Once enemies, the U.S. and Vietnam have become friends over the course of four decades. While it did not happen overnight, what transpired was a slow process of rapprochement between the two countries. It took two generations of Vietnamese and Americans to set aside the bitterness they both have on each other. Why not?
More than 58,000 American and 282,000 South Vietnamese soldiers were killed from 1955 to 1975. North Vietnam and the Viet Cong suffered 444,000 military casualties and 627,000 civilian deaths.
After the fall of Saigon, tens of thousands of South Vietnamese civilians and former soldiers fled the country. Known as “boat people,” the refugees used boats of all sizes to escape the North Vietnamese communists. They migrated to other countries, in particular the nearby Philippines where the government resettled them. However, the U.S. was their country of choice; thus, the process of looking for sponsors began. American families opened their homes and welcomed them. Eventually, most of them were able to find jobs and own their homes. Over time, the Vietnamese immigrants were allowed to petition for family members provided that they have jobs and financial capability to put them up. By 2014, 1.3 million Vietnamese immigrants resided in the U.S.
Beyond the strong affinity displayed by the Vietnamese people toward their former enemies, government-to-government relations between the U.S. and Vietnam improved considerably. Cultural and economic ties progressed at a pace that surpassed the most optimistic expectations.
Obama and Vietnam
On July 25, 2013, the historic meeting between President Barack Obama and his Vietnamese counterpart Truong Tan Sang in Washington, DC broke new ground in U.S.-Vietnam bilateral relations. Obama and Truong decided to form a U.S.-Vietnam Comprehensive Partnership, which underlined the principles of “respect for the U.N. Charter, international law, and each other’s political systems, independence, sovereignty, and territorial integrity.” The two leaders pledged that their countries would continue to cooperate on defense and security matters.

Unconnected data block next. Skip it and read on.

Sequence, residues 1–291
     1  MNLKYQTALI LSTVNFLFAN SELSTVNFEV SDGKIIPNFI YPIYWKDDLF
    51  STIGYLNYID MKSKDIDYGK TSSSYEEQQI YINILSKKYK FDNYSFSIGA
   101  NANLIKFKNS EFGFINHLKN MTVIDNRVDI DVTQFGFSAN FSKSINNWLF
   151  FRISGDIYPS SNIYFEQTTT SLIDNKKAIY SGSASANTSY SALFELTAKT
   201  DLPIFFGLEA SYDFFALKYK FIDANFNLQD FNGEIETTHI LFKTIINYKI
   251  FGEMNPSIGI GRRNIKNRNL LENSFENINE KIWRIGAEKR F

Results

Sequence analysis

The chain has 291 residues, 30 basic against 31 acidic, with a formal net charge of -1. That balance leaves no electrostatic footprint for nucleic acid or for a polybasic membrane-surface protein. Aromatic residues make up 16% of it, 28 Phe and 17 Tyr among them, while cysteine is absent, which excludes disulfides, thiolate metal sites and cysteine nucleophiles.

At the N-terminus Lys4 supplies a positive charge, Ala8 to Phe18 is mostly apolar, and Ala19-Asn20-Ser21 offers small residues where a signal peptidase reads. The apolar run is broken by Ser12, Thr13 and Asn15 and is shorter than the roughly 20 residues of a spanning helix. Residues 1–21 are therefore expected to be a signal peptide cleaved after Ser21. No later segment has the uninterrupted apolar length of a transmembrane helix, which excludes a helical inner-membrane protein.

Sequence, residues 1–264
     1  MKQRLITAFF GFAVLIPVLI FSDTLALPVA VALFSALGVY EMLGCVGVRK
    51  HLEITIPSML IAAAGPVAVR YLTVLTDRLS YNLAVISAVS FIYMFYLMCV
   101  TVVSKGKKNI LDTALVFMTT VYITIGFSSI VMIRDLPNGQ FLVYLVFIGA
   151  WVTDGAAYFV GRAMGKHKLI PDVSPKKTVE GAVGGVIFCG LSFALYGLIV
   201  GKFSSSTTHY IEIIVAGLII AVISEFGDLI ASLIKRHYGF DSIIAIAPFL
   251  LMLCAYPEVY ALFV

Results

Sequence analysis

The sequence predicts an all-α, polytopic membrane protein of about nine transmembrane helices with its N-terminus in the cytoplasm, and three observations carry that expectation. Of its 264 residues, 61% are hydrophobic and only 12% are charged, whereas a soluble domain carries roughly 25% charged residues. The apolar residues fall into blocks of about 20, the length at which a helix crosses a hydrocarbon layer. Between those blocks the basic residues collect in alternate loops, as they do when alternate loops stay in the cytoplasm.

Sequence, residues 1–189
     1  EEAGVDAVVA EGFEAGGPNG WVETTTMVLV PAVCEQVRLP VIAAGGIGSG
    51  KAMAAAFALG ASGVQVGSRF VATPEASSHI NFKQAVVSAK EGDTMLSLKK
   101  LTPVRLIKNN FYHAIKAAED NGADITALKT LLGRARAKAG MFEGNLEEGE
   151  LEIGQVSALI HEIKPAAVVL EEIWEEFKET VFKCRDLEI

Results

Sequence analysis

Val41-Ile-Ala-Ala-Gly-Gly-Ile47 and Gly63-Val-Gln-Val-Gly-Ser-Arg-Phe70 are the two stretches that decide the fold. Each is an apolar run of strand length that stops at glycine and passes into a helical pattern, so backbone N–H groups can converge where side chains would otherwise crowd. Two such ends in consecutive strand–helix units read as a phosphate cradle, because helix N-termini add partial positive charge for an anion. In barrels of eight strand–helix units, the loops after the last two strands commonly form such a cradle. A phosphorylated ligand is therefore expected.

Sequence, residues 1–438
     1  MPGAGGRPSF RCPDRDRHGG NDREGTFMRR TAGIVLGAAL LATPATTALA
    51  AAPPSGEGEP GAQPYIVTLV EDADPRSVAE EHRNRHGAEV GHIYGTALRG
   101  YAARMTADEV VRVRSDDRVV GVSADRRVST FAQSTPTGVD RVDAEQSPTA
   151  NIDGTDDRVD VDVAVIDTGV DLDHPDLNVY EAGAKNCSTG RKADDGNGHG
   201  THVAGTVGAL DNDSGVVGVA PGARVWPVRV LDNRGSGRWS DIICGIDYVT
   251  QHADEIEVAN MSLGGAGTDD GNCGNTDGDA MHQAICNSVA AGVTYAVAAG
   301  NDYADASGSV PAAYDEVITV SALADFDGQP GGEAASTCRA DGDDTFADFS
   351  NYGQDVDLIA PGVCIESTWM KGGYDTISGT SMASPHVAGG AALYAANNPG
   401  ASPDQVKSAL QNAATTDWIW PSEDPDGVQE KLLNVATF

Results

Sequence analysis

On May 23, 2016, Obama visited Hanoi and announced that the U.S. would fully lift a longstanding embargo on lethal arms sale to Vietnam, a decision that may have been precipitated by China’s military build-up in the South China Sea (SCS). Obama said that the lifting of the arms embargo “will ensure Vietnam has access to the equipment it needs to defend itself and removes a lingering vestige of the Cold War.”
Recently, Vietnamese Prime Minister Nguyen Xuan Phuc visited President Donald J. Trump in the White House. His visit is significant because there have been perceptions that Vietnam was leaning to China, and the U.S. is veering away from the Indo-Asia-Pacific region. This caused many countries in the region – including Vietnam and the Philippines – to move closer to China. The leaders of the other eight ASEAN countries are adjusting their alignment as well. They’re preparing themselves in the event that Trump would leave the region altogether.
Trump and Vietnam
But the U.S. visit of Nguyen has changed all that. Nguyen was the first ASEAN leader to visit Washington, DC since Trump was inaugurated as president. With the meeting of Trump and Nguyen in the White House on May 31, it was evident that Trump is not reversing the course of U.S. policy in the Indo-Asia-Pacific region. The “Pivot to Asia” that Obama started may have changed in name, but the objectives are the same: to protect U.S. interests in the Indo-Asia-Pacific region.